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inflation

Richmond Fed: Manufacturers Reported Improved Activity in December, But Still Soft

By | Economy, General, Shopfloor Economics | No Comments

The Richmond Federal Reserve Bank reported improved activity in December, rebounding after three straight months of declines. The composite index of general business activity rose from -3 in November to 6 in December, its first positive reading since July. (The measure was zero in August.) As such, manufacturers in the district ended 2015 with better news, even as overall conditions remained relatively soft. The higher headline number stemmed largely from improvements in new orders (up from -6 to 8), capacity utilization (up from zero to 2), employment (up from zero to 12) and the average workweek (up from -3 to 7). At the same time, shipments (up from -2 to zero) and the backlog of orders (up from -16 to zero) stabilized for the month. Read More

Richmond Fed: Manufacturing Activity Declined for the Third Straight Month in November

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The Richmond Federal Reserve Bank said that manufacturing activity declined for the third straight month in November, highlighting recent challenges in the sector in the district. The composite index of general business activity declined from -1 in October to -3 in November. Manufacturers reported reduced growth in new orders (down from zero to -6), shipments (up from -4 to -2) and the average workweek (down from -5 to -3). Note that the pace of decline eased for both shipments and the workweek, and similarly, capacity utilization (up from -14 to zero) stabilized after falling sharply the month before. At the same time, employment continued to pull back from modest gains in prior months. Hiring (down from 3 to zero) stagnated in November, with wage growth (down from 17 to 6) slowing. Read More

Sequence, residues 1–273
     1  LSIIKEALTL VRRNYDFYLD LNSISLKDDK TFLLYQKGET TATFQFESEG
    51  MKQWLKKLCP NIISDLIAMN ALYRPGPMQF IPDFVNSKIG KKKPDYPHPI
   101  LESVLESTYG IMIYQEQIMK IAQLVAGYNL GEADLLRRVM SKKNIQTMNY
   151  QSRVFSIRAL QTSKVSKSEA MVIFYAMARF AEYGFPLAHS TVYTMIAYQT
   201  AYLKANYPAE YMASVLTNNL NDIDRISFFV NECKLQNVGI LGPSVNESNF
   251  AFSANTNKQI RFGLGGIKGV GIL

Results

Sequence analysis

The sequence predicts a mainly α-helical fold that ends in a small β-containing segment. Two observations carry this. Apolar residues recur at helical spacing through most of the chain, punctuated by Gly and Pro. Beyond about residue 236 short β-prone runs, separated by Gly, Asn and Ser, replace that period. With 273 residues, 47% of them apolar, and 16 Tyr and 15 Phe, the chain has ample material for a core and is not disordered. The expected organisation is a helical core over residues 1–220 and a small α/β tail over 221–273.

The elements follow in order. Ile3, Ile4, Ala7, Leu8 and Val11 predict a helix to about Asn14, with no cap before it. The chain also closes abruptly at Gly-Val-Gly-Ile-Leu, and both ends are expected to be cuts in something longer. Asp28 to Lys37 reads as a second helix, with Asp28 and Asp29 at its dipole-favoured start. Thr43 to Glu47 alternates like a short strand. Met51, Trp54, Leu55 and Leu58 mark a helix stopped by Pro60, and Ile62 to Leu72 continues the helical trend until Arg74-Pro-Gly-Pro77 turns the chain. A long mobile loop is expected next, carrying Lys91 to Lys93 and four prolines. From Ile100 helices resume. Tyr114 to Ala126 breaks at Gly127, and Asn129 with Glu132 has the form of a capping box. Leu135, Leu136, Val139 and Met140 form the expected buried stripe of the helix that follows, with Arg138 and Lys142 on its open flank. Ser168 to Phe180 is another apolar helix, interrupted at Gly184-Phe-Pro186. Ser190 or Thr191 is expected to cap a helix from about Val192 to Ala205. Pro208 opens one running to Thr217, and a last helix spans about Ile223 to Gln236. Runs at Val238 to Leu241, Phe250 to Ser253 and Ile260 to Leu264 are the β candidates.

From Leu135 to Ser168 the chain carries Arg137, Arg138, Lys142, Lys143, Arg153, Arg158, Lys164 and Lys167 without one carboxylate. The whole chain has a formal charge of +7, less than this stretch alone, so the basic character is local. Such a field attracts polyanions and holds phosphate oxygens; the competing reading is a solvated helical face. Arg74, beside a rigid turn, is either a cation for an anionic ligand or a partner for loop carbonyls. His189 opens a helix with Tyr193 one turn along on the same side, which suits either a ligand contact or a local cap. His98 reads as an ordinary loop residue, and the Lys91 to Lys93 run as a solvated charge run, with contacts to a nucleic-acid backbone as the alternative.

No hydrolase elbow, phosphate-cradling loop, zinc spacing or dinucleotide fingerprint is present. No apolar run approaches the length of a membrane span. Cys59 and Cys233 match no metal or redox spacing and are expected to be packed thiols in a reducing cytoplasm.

Personal Spending Picked Up Strongly in May

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The Bureau of Economic Analysis said that personal spending rose 0.9 percent in May, rebounding from a more-cautious 0.1 percent growth rate observed in April. It was the fastest monthly growth rate since August 2009. From the manufacturing perspective, this was welcome news, with spending on durable and nondurable goods up 2.2 percent and 1.9 percent, respectively. More importantly, it provides some encouragement that Americans might return to opening their wallets – something that there has been more hesitance to do so far this year. The year-over-year rate of personal spending in May, 3.6 percent, was the highest since December, up from 3.1 percent since in April. Read More

Richmond Fed: Manufacturing Activity Stagnated in February

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The Richmond Federal Reserve Bank said that manufacturing activity stagnated in February, ending 10 straight months of expansion in the district. The composite index of general business conditions declined from 6 in January to zero in February, its lowest level since contracting in March 2014. Indeed, many of the underlying measures slipped into negative territory in February. This included new orders (down from 4 to -2), shipments (down from 10 to -1), capacity utilization (down from 9 to -4) and the average workweek (down from 8 to -6). As such, manufacturers clearly pulled back in a number of areas for the month, likely due to global slowness, a stronger dollar and reduced commodity prices. Read More